Xbox Entertainment Studios Post-Mortem – History Repeats Itself; Newfronts Foreshadow Imminent Fold
Microsoft’s Xbox announces it will invest in producing original content. The company locks meaningful deals with content creators who pack the proven track record, the TV and studio clout to bring the brands, and the skill to make “original programming” meant for digital distribution matter.
PAUSE. Did you think I was talking about Xbox Entertainment Studios? Wrong.
REWIND. I’m actually referring to the Xbox Independent Video Channel, the deal with Felicia Day to syndicate season one of “The Guild” and fund season two, and the content produced by horror film bigwigs like James Wan (the “Saw” franchise), James Gunn (“Slither”), and David Slade (then “Hard Candy” and “30 Days of Night,” now “Twilight’s Saga Eclipse”).
I had the pleasure to work with the then-head of the initiative, Scott Nocas, in launching the program. It was the “early days,” pre-financial crisis, when the pulse of the online video space was much like now — studios, talent agencies, brands were pocket-heavy and digital video hungry.
“We saw great success with Felicia and ‘The Guild’ but Microsoft at the time was not ready to invest in original content. They saw financial benefit but wanted to be able to do that at scale and wanted to be able to build interactive programming,” Nocas told me over the phone as we reminisced.
But that wasn’t all so easy, even back then — “Microsoft has always been a technology-first company and always had a complicated relationship with Hollywood and entertainment.”
Xbox 360 announces a new “a new LA-based studio called Xbox Entertainment Studios, where the mission is to create true interactive content for Xbox and other devices that will change the way entertainment content is experienced and delivered” — with Nancy Tellem at the helm, in Feb. 2013.
Then the president of Microsoft’s Interactive Entertainment unit, Don Mattrick departs in summer 2013, followed by CEO Steve Ballmer in the fall. And so starts the inevitable demise of Xbox Entertainment Studios under the new leadership.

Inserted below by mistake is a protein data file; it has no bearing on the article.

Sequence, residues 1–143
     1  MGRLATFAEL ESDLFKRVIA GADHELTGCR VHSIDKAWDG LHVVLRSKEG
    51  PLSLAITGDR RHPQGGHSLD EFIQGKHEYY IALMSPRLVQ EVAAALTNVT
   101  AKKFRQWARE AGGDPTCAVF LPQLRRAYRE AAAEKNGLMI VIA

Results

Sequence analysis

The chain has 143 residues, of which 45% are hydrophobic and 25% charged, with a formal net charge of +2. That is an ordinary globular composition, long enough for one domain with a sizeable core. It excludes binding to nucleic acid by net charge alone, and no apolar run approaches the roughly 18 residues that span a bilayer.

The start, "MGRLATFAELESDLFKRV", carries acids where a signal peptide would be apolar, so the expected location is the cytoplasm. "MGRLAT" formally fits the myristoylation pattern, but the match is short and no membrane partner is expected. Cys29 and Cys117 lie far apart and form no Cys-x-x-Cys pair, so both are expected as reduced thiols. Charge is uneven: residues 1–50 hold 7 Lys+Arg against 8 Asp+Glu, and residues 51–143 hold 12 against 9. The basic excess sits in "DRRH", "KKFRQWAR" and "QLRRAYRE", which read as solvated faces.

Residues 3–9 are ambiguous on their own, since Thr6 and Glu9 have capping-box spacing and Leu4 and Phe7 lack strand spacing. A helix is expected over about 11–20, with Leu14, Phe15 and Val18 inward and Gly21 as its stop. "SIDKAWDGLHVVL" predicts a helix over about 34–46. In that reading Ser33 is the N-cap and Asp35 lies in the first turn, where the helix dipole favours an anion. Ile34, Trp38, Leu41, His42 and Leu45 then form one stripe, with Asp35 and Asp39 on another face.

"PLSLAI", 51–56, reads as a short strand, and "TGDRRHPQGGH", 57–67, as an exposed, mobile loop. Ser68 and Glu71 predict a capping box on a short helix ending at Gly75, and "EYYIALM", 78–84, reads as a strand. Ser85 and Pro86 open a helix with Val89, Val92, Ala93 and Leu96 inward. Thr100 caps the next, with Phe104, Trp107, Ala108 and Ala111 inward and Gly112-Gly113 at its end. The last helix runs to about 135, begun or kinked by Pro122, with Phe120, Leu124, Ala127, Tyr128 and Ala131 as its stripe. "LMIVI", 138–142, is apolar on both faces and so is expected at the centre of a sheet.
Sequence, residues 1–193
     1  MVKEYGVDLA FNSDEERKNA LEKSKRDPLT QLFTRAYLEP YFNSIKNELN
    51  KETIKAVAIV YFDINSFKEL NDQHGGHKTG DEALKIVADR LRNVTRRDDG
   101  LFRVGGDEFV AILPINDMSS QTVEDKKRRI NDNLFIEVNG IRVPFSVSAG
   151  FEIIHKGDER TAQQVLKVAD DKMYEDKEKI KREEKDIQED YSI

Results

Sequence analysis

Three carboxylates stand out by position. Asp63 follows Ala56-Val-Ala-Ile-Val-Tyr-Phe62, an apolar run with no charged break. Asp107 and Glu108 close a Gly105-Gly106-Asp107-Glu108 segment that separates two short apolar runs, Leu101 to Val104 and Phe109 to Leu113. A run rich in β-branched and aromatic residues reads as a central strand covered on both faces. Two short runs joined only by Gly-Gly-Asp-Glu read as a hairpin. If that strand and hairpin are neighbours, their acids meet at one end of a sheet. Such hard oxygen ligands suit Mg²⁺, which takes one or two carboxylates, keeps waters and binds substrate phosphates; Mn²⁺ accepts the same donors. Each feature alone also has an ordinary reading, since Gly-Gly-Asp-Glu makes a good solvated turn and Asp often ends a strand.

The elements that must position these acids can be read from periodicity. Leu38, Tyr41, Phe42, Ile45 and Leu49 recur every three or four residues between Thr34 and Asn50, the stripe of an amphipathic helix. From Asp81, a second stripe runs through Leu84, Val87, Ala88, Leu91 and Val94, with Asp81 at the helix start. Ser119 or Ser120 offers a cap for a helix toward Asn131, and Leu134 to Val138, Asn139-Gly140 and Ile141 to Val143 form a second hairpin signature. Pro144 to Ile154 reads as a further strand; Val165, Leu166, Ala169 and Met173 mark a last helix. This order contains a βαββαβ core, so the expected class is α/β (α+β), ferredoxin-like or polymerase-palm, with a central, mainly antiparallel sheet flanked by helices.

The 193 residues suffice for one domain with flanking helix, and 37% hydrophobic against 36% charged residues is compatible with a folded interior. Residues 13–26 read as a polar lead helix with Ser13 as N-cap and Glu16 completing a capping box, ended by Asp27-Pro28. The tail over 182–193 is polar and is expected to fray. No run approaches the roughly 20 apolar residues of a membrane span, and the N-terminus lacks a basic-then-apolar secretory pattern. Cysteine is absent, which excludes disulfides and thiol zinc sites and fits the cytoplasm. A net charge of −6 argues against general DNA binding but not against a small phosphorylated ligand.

According to sources who worked closely with XES over the course of the past year, while the content strategy was being developed and deals were locked down, it quickly became a nightmare to work with them — not because the team was poor but because of constant changes in the strategy.
Changes that would become symptomatic of a larger internal disconnect at Microsoft. Like the younger sibling the big brother doesn’t want to hang out with, Xbox Entertainment Studios had to be reactionary, constantly shifting objectives from devices and services to mobile to the cloud — all XES’s big(money) brothers. Regardless, the video content business wasn’t ever a part of Microsoft’s core strategy under the new leadership.
And from the industry murmurs following the Newfronts, attendees of that presentation could already feel the inconsistency and lack of focus on video. While XES frontmen Nancy Tellem and Jordan Levin did showcase the full slate to media in advance of the 2014 Newfronts, brands and Newfronts attendees were given a watered down “here’s everything Microsoft has to offer” presentation that left many feeling that the content strategy was frivolous.
Another source familiar with the company reiterated Nocas’ point about Microsoft’s internal disconnect between the tech space and Hollywood.
And when you have 20 million paid subscribers tuning in primarily for gaming and access to Netflix, Hulu, and other OTT offerings, why should original content take precedent? Xbox, after all, is a platform, a highly interactive platform that supports itself through subscription and by granting users access to premium gaming, TV, and film titles. It’s not beholden to Madison Ave. and it’s clearly not in the “deficit financing” game.
“[Xbox Entertainment Studios] was taking a big swing in the space, and I think we were all rooting for them. When people try to take unique approaches to content and try to do interesting types of creative, it’s good for the industry,” added Nocas.
While yesterday’s news rippled across the online video industry, the most important takeaway is that Silicon Valley and Hollywood have still not learned how to effectively co-exist and as an influential platform with a connected community, I think this move is a loss for more than the 18,000 that will be laid off by Microsoft.
So what will happen with the Slate of Originals? I tell you the answer over here.
Tags: david slade, independent video channel, Jordan Levin, Nancy Tellem, Xbox, Xbox Entertainment Studios